Marketo is currently using their Facebook page to promote The Marketing Nation Summit, using a cover picture CTA. As in the example from Cvent, an understated background image makes the CTA pop.
Wishpond uses their cover photo to overtly welcome readers to do something about it, with an actual arrow pointing to the spot where viewers can enter their contest. This is an excellent example of how a cover picture can own people to act.
5. Introduce Yourself.
Are you happy with your team? Do you wish to show off your staff? Do it with a cover picture!
n this older cover picture, The New York Times takes you into their workplace and reveals you their whole staff. It's a great check out the big, beautiful workplace of the people who compose the news that you check out.
Not as huge as The New York Times? Not an issue! This little marketing agency uses their cover picture to show prospective clients that they won't be dealing with a huge, "faceless" corporation.
6. Interest Feelings.
While turning your cover picture into a CTA or a billboard can be terrific, a mentally resonant cover picture can be similarly reliable.
Facebook's own cover photo is a best example of how images can use emotions. It also is entirely on -brand. What is Facebook about? Linking. What does this picture communicate? Connection. This image comes down to the heart of social networking, and makes visitors feel favorable about their brand name.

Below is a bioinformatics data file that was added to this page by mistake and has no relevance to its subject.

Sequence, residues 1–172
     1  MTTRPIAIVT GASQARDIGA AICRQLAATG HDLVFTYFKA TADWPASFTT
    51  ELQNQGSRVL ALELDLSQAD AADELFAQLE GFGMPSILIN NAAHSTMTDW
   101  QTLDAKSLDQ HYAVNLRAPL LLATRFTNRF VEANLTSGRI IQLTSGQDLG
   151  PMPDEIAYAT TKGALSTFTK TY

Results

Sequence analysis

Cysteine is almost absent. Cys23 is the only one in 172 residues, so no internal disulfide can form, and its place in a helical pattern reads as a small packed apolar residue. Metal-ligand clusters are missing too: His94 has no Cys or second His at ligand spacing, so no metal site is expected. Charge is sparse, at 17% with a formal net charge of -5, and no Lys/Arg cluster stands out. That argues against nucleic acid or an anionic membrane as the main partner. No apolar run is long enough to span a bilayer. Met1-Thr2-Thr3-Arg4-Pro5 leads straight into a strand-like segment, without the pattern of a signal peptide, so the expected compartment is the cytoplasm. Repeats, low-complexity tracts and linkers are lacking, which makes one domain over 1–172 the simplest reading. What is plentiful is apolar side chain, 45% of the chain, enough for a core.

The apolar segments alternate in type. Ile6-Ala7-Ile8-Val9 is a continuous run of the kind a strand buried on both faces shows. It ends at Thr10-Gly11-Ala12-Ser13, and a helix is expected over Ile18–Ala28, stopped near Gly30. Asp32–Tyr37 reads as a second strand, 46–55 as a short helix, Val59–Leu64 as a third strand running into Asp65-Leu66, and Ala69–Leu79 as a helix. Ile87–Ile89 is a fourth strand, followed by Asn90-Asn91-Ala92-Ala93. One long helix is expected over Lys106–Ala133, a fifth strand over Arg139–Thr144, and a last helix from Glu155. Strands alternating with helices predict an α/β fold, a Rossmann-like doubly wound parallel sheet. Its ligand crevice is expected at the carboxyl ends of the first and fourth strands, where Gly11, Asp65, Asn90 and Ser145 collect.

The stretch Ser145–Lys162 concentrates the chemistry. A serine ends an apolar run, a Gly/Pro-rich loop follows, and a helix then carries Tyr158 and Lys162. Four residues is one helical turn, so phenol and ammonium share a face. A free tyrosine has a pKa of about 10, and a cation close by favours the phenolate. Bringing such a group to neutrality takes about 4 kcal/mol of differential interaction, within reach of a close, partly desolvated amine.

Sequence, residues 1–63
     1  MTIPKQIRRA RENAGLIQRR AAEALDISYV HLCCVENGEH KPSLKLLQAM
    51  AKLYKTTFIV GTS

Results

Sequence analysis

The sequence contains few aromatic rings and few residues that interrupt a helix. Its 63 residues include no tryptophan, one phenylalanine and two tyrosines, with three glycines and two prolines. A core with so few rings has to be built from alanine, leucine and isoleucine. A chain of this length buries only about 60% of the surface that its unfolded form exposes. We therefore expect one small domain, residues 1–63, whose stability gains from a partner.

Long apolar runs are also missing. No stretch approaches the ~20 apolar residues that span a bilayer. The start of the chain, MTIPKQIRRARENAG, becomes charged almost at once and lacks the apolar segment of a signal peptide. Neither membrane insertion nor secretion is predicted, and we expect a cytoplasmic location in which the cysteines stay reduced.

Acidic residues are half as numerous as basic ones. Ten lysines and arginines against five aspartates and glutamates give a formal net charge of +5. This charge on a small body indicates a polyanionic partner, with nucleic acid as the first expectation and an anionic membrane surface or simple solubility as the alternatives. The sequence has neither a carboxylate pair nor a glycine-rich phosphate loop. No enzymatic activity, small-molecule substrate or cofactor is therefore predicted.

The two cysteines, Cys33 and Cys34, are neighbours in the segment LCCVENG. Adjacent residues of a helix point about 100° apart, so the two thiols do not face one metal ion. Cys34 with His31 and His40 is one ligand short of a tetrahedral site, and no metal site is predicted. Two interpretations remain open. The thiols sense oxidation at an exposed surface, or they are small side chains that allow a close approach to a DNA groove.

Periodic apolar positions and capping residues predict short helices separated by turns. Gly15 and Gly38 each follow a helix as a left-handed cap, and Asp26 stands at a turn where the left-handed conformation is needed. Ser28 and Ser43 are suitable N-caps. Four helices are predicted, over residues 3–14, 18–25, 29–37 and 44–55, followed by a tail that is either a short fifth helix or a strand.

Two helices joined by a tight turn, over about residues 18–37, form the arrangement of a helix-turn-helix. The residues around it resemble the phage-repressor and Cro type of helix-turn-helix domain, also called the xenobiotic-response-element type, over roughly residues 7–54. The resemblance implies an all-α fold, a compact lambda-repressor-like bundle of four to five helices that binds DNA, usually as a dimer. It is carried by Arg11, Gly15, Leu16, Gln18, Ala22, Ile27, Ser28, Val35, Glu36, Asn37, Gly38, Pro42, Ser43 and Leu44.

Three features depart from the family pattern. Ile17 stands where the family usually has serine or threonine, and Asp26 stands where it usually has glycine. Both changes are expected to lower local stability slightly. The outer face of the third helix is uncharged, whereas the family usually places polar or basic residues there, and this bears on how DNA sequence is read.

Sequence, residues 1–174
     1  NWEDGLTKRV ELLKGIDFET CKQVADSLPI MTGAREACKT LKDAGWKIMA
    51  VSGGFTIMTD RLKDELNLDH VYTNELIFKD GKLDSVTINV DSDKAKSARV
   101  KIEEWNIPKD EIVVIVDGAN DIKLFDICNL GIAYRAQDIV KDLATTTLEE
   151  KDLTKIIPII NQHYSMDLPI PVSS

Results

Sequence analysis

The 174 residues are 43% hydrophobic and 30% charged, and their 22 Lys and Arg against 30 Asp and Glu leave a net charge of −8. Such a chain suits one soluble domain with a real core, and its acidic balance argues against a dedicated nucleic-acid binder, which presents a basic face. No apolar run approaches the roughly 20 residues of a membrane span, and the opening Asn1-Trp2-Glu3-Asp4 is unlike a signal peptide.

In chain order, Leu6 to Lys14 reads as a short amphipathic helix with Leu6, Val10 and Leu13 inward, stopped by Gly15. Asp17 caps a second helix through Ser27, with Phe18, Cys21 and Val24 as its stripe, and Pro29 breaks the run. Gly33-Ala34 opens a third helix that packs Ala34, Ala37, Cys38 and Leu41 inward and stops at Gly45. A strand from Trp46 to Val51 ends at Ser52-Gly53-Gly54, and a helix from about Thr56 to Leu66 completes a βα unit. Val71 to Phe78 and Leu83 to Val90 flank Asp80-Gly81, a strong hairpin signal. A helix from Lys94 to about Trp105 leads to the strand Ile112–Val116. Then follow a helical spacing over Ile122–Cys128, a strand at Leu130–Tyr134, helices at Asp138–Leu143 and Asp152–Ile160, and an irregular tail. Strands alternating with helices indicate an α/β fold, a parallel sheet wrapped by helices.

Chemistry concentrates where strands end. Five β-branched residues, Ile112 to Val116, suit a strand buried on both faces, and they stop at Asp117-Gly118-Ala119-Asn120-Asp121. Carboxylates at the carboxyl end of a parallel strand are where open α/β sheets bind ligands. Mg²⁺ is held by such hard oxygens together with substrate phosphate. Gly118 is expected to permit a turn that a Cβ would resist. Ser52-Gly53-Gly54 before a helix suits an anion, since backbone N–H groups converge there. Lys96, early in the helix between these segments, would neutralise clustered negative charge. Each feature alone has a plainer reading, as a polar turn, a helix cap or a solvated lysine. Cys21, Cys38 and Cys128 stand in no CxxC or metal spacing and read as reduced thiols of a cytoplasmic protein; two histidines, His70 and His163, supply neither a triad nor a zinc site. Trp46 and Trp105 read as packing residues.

This Toyota cover picture, which is about two years old, likewise informs a particular, mentally resonant story with just a single image. Visitors will instantly associate Toyota with flexibility, and with enjoying the ride of life-- no words required. Plus, who does not like a happy pet?
7. Stay True to Your Brand name.
There's absolutely nothing worse than a brand that changes mascots, slogans, or jingles every other day. People like consistency and familiarity, and your Facebook cover photo is a terrific location to reinforce your familiar message.
Ben & Jerry's, for example, has constantly had to do with the cows. Their Facebook cover image doesn't wander off from that reality.
Nike reinforced their brand name with this simple, straightforward cover image. All that they need is their familiar Nike swoosh, and their renowned "Simply Do It" slogan. They've stated everything they need to say.
8. Start a Conversation.
A hashtag is an effective thing, my buddies-- recently, we have actually even seen hashtags contribute in political revolutions. When you throw a hashtag onto your cover photo, you have the power to get people talking.
Coca-Cola's present cover image contains a vibrant logo design, an image of three young women wearing sports equipment, and a mysterious hashtag. You tell me that you're not curious.
Ford Mustang's cover image hashtag is less mysterious, but similarly effective. You can utilize the hashtag to search for "#Mustang" and see what other individuals are stating about this well-known cars.
This has just been a quick tasting of the amazing cover photos I've seen. Exactly what are a few of the most creative, engaging, or stunning brand cover photos you've encountered on Facebook?